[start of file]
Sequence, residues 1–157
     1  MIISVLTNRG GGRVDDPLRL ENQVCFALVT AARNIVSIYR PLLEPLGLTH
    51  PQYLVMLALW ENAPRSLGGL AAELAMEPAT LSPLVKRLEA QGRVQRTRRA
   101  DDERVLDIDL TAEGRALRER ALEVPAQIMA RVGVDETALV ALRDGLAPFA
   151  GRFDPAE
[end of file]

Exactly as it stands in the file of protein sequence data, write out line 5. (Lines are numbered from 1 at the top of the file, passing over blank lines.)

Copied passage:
   151  GRFDPAE